“RISE’s core purpose is to promote safety, knowledge and resources for our students on our campus. Being informed and aware is very important to protect oneself. I think that having quick responses from public safety, access to counseling, and easy access to knowledge about Title IX and the LIU Sexual Misconduct Policy can benefit the students on the LIU Post campus,” Ruiz said. “Attending RISE meetings and events like Take Back the Night can benefit many students at LIU by helping them gain knowledge of their rights as students, resources available to them on and off campus, education on healthy relationships, and exercises and skills that can aid in mindfulness and self-insight.”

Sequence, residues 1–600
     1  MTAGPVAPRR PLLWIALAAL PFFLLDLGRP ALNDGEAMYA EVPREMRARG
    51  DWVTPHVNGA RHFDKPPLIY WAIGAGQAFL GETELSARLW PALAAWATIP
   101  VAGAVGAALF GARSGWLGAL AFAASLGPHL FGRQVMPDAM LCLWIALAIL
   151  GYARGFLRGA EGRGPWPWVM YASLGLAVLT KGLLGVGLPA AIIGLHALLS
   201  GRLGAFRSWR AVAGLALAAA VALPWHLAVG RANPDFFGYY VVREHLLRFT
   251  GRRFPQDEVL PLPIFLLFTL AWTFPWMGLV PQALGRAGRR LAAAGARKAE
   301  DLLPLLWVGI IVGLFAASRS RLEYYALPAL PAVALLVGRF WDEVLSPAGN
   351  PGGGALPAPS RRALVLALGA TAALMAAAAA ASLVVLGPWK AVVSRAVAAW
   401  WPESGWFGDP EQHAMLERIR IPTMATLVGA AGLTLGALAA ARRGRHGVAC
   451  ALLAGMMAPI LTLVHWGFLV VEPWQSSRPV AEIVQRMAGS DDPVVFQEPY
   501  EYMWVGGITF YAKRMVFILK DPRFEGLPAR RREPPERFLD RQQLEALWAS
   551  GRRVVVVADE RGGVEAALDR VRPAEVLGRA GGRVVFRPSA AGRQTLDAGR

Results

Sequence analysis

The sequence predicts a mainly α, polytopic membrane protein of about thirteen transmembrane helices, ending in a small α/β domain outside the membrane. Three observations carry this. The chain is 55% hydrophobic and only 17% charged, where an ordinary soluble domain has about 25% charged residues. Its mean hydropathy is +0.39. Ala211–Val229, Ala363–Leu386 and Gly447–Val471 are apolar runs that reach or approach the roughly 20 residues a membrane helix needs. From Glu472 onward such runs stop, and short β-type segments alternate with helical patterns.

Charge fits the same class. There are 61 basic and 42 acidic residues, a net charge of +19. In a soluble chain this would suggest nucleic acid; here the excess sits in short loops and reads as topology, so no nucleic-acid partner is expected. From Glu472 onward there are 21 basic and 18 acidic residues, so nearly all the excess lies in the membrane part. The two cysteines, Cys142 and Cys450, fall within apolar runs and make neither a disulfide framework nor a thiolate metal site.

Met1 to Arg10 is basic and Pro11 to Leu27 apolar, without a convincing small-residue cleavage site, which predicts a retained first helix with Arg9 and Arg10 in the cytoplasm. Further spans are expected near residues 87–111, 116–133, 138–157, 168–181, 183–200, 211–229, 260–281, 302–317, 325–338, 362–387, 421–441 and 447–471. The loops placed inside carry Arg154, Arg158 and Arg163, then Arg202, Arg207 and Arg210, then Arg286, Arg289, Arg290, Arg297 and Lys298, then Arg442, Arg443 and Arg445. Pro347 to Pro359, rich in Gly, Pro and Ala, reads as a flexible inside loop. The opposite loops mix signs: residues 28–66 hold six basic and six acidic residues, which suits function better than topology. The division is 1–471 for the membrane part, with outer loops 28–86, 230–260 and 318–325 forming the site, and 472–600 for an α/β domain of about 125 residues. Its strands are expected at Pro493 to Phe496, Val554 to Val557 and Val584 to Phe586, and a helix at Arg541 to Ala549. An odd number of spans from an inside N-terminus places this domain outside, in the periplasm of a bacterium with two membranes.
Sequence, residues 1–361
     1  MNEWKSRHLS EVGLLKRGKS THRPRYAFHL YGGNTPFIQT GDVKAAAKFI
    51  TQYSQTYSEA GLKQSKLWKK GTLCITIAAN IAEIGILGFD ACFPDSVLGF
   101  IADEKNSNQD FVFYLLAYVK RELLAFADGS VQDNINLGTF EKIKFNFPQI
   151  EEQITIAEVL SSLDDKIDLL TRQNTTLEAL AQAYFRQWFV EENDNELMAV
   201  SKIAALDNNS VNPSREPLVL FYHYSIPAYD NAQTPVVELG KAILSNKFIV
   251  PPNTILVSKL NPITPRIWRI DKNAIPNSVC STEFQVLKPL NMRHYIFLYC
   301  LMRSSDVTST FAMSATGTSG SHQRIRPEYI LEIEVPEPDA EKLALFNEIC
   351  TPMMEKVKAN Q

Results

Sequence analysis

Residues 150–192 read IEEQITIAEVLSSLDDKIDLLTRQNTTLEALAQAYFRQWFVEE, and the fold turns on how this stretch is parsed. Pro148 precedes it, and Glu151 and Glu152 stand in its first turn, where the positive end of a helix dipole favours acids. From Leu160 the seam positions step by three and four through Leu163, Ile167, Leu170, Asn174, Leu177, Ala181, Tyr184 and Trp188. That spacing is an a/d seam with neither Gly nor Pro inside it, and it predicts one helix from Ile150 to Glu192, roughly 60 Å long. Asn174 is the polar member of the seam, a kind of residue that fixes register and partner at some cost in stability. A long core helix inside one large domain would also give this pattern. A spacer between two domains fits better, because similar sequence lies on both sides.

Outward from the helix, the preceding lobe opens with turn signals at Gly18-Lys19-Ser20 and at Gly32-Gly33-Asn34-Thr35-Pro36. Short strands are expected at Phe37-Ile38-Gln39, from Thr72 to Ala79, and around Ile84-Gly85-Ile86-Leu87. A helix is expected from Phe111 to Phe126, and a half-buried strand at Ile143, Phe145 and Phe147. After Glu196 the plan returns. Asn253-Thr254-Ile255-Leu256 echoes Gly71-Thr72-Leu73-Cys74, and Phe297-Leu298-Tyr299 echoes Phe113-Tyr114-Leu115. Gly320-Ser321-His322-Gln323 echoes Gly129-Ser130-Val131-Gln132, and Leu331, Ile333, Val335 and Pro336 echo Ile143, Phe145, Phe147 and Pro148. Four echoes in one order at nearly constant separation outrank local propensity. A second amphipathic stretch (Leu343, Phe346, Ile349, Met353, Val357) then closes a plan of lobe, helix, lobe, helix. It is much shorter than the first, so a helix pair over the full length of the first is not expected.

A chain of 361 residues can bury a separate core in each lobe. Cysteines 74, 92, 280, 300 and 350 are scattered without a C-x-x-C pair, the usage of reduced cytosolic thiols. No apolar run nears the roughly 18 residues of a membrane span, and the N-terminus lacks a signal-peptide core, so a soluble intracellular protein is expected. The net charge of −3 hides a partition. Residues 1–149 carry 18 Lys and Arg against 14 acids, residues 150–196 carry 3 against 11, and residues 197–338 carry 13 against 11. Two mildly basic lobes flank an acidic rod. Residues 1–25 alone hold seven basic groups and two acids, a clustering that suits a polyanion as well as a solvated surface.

The Take Back the Night Foundation (TBTNF) has been spreading awareness and preventing sexual assault globally for over 40 years. The organization grew in the 70s during the spike in violence against women in America. Philadelphia, San Francisco and Los Angeles were heavily involved in the organization’s earlier protests. As a result, advocates in these states received an accumulation of media coverage. The initial objective of the organization was to increase women’s sense of safety when walking alone at night. This initiative was prompted by the fatal stabbing of microbiologist Susan Alexander Speeth as she commuted home from work late at night. She was 37 years old and only a block away from her home when she was attacked. After Speeth was attacked, Philadelphia residents mobilized and a Women’s Tribunal Council was formed in 40 countries to discuss women’s and intimate partner violence. As time progressed, the TBTNF tackled more intersectional women’s issues through protests, rallies and marches.